A Brief Explanation of the GameStop Trading Fiasco
If you’re confused about why GameStop stock has dominated the financial news cycle in the last few weeks you’re not alone. A year ago GameStop stock traded around $5 per share, late last month it went as high as $483.
Like a lot of financial markets phenomena, there isn’t just one root cause underlying the recent GameStop bonanza. Below I’ll break down four of the biggest factors behind these recent events and what lessons they offer for financial planning clients.
GameStop – Failing Retailer or Deep Value?
For those who may be unfamiliar, GameStop is a video game retail store founded in 1996. For years it was the go-to spot for kids and their reluctant parents to fork over increasingly ridiculous amounts of money for the newest video game or video game system. Fast forward and, like many retailers, GameStop has struggled as consumers embrace online retail (hello Amazon!) and video games slowly shift toward streaming platforms (think Netflix for video games). However, GameStop showed signs of transitioning toward an e-commerce model in 2019-20, attracting the attention of a few big-name investors but also a few members of a small investing group that use a social media site called Reddit.
Reddit – The Home of WallStreetBets
Reddit is a unique place among the social media landscape as it serves as more of a news aggregation and discussion forum than a traditional social media site like Facebook. It is known for its thousands of different discussion groups that focus on particular topics. One of these groups, called “WallStreeBets” (WSB), is an infamous group that discusses stock and option trading and speculation. The group is known for its popularity amongst younger traders, gravitation toward riskier forms of trading, and the use of zero-commission brokers like Robinhood. Within WSB the topic of GameStop became increasingly prominent, which coincided with several prominent hedge funds shorting the stock, hoping to profit from its demise.
Hedge Funds – Villains of the Short Squeeze?
Short sellers, whether individuals or hedge funds, are betting that particular stocks will go down in price (see graphic below).
The WSB community, however, noticed more than 100% of GameStop’s shares had actually been sold short! This realization painted the hedge fund traders as greedy, nebulous villains, hoping to feast on their beloved retailer’s downfall. At this point the band of WSB retail traders rallied around GameStop and began buying shares en masse. More and more speculators hopped on, trading volume increased, the share price rose, and the hedge funds saw their short positions losing money. They started buying the stock as well to hedge their bets, driving the price up even further (what’s called a “short squeeze”). Many hedge funds closed their short position entirely, usually at a steep loss. But more concerning were the brokerage firms that limited or halted trading in GameStop altogether amid the surge in volatility.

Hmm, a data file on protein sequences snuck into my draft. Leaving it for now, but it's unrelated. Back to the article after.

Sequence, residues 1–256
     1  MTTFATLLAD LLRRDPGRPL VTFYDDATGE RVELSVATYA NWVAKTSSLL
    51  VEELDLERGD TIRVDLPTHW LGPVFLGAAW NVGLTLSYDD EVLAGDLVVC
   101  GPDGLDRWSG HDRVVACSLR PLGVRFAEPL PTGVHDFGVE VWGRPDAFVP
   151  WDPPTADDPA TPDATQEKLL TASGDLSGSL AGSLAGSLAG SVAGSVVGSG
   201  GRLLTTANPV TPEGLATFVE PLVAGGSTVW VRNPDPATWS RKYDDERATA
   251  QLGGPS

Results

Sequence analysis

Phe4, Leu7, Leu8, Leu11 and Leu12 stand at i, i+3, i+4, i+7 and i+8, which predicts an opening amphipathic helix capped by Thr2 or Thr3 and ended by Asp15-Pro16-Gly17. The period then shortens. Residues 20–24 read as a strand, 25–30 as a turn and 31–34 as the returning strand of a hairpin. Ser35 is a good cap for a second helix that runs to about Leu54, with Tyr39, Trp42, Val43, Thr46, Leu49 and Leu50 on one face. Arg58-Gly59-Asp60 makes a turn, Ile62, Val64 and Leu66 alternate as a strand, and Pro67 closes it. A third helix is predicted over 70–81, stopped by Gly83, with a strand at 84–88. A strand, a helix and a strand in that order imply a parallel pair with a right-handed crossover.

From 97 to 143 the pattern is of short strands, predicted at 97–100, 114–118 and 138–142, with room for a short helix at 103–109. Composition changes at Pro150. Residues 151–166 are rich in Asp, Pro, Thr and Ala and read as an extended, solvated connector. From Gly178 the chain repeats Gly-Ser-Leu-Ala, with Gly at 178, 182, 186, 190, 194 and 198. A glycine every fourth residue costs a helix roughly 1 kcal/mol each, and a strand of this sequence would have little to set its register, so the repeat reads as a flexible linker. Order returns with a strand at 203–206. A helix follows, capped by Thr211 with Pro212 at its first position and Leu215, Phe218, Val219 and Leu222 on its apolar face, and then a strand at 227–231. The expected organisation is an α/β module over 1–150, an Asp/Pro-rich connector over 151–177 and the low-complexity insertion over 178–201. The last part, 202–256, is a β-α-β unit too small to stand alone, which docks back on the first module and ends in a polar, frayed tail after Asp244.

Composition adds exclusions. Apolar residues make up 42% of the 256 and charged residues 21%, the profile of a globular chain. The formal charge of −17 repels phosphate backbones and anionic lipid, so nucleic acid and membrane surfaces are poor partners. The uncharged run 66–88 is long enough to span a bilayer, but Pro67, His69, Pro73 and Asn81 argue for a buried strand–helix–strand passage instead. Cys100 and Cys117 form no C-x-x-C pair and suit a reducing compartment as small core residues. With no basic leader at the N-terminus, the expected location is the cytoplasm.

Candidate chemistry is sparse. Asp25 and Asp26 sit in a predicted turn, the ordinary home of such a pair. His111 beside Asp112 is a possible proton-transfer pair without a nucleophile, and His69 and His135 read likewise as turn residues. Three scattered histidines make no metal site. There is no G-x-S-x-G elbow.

Robinhood – From Hero to Villain
Amid this speculative trading frenzy, much of the attention focused on Robinhood, a zero-commission broker best known for being a preferred way for younger generations to invest using their smartphone. During the height of the GameStop volatility they made the choice to block purchases of GameStop, receiving widespread criticism from traders and politicians. Several lawsuits have since been filed against Robinhood (and other brokers) alleging market manipulation or a desire to protect big hedge funds over retail traders. Robinhood alleges they acted to do just the opposite (stop apparent manipulation and honor their duty to settle existing trades).
What are the Takeaways for our Clients?
There are dozens of articles with differing perspectives on what this means for markets, regulators, hedge funds, and individual investors, but what lessons are there for financial planning clients? As always, this is a strong reminder to think thoughtfully and carefully about your investment choices. There is a reason you didn’t get a call from your financial planner encouraging you to join in on the GameStop trade, and that’s because we focus on investing, not speculation. There are plenty of examples of rampant speculation, from the Dutch Tulip bulb bubble in the 1600s to the dot-com crash of 2000-01.
In all of these cases the excitement and the fear of missing out vastly outpaced market fundamentals and rational analysis of the facts. The stock market is not a casino and acting as if it is can yield terrible, and heartbreaking, results This is why your financial planner and our investment team take such care in putting together long-term, goal-oriented portfolios that are built to help you succeed regardless of whatever market craziness we see flare up over time. If this event sparked questions for you about your portfolio or how the markets operate, reach out to your financial planner today.
Written By Zach Reuter